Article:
June 24, 2010

During mitosis, many structural, regulatory, and checkpoint proteins work towards the goal of accomplishing equal chromosome segregation. Microtubules of the mitotic spindle attach to kinetochores on chromosomes, and this attachment of microtubules to all kinetochores on all chromosomes provides a checkpoint signal that instructs the cell to undergo chromosome segregation. A protein called Spindly was previously known to localize the microtubule motor dynein to kinetochores. A recent paper has found an additional role for Spindly in coordinating microtubule attachment to kinetochores and mitotic checkpoint signaling. Image above shows mitotic spindles (PM, M) in control cells and cells with lower levels of Spindly. In cells with decreased Spindly, mitotic spindles are often abnormal – some are longer (L), some have more than two spindle poles (MP), and some are twisted (T). DNA is in blue, microtubules are in green, and kinetochores are in red.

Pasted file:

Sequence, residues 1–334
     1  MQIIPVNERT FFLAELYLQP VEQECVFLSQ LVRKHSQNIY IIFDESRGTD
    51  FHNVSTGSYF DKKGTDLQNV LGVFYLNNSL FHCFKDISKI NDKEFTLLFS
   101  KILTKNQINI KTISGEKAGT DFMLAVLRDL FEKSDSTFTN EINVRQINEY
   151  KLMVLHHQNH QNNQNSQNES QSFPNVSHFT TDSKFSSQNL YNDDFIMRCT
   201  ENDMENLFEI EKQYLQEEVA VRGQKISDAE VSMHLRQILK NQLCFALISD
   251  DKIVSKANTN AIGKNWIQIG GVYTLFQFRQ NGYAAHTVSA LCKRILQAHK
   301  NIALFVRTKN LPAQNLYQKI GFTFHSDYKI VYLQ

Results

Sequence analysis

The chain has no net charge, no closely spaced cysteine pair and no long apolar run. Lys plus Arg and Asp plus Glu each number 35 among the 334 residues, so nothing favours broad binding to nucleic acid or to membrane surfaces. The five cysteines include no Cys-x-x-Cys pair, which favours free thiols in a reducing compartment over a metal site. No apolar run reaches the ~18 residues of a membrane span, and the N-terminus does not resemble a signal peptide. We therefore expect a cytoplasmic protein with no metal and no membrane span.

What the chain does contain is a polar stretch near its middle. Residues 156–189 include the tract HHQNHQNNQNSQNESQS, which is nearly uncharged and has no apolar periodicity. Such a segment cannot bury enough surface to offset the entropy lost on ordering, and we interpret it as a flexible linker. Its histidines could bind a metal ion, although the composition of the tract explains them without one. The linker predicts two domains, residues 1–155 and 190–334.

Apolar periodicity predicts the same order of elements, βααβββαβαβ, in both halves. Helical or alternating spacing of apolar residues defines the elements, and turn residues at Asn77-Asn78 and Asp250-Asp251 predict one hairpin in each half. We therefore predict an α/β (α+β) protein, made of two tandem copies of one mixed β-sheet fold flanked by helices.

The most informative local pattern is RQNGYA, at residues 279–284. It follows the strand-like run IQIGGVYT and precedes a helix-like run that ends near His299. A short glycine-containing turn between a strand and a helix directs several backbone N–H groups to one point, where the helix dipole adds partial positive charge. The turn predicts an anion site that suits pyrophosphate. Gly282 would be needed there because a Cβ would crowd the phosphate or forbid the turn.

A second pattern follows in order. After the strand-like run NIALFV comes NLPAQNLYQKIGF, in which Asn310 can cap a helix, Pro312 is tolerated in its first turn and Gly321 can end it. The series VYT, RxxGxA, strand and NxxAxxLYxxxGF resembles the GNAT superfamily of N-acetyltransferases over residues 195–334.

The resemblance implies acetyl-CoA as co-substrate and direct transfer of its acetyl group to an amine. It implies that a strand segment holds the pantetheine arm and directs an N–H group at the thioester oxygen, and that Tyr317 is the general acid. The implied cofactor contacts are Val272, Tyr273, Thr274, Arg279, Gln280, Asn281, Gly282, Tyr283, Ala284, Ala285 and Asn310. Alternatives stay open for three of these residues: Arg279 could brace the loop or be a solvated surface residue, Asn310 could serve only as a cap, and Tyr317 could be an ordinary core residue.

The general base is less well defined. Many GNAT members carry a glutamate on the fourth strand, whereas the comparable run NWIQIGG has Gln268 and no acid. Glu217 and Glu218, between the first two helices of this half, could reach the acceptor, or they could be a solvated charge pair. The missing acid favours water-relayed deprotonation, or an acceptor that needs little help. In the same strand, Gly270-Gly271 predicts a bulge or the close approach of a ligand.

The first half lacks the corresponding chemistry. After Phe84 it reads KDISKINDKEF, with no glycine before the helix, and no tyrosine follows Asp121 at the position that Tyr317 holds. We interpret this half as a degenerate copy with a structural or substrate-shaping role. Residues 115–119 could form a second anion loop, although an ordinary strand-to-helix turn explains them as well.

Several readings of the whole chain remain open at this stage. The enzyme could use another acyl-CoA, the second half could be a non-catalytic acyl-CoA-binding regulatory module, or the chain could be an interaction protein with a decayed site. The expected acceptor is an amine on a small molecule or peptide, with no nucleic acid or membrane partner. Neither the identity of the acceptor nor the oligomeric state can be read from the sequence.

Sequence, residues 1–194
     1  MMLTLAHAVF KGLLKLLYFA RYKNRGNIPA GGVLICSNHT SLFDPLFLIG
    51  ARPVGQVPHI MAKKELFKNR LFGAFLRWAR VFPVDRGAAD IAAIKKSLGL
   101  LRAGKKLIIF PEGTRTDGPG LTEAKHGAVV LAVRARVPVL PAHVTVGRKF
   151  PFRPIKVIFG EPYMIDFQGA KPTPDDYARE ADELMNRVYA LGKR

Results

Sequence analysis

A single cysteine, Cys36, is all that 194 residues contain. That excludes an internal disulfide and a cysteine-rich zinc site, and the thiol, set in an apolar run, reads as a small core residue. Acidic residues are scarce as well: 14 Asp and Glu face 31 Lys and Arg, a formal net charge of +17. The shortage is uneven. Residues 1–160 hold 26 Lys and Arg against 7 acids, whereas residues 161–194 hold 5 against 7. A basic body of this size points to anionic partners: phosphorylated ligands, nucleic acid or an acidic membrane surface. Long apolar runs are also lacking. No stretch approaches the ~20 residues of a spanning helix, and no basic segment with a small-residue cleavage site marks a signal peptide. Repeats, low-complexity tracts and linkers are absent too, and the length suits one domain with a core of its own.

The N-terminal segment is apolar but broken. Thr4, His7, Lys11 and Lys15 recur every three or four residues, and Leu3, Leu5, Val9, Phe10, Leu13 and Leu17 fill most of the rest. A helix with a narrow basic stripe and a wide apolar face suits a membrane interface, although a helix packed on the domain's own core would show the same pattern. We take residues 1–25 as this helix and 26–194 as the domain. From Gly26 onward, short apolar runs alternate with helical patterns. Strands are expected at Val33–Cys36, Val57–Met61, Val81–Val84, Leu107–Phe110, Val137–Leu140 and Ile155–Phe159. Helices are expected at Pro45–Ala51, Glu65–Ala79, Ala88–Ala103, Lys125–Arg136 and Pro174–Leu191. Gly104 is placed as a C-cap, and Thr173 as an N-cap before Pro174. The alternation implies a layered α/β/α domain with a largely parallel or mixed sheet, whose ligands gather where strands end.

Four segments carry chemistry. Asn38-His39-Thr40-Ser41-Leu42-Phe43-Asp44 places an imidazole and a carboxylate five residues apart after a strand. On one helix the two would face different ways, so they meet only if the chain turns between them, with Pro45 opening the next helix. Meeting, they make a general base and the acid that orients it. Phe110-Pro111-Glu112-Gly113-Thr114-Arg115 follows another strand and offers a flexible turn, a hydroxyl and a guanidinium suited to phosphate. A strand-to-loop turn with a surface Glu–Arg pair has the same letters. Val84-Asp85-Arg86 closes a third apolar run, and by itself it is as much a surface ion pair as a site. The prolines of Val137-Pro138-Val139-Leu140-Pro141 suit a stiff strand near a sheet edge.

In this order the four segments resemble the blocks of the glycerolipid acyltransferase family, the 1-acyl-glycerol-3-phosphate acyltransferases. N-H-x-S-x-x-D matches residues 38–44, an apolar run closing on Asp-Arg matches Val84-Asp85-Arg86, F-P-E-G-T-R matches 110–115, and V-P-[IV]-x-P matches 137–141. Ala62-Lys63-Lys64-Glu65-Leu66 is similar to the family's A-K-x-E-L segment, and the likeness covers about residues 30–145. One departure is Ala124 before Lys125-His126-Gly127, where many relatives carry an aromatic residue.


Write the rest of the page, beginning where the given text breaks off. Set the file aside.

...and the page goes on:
Reference: Marin Barisic, Bénédicte Sohm, Petra Mikolcevic, Cornelia Wandke, Veronika Rauch, Thomas Ringer, Michael Hess, Günther Bonn, and Stephan Geley. Authors’ Molecular Biology of the Cell paper can be found here.


  1. Is there any ideas out there why a decrease in Spindly concentration affects miotic spindles differences? It seems like a very wide range of issues it causes

  2. Thanks, Kevin! Based on their paper (which you need a subscription to access, unfortunately), it sounds like the authors think that for some of the abnormalities, the lack of Spindly is causing mechanical damage due to the spindle rotating, leading to nonspecific problems. The elongated spindles, though, they think are because the attachments between the microtubules in the spindle and each kinetochore aren't quite normal. Thanks for letting me geek out!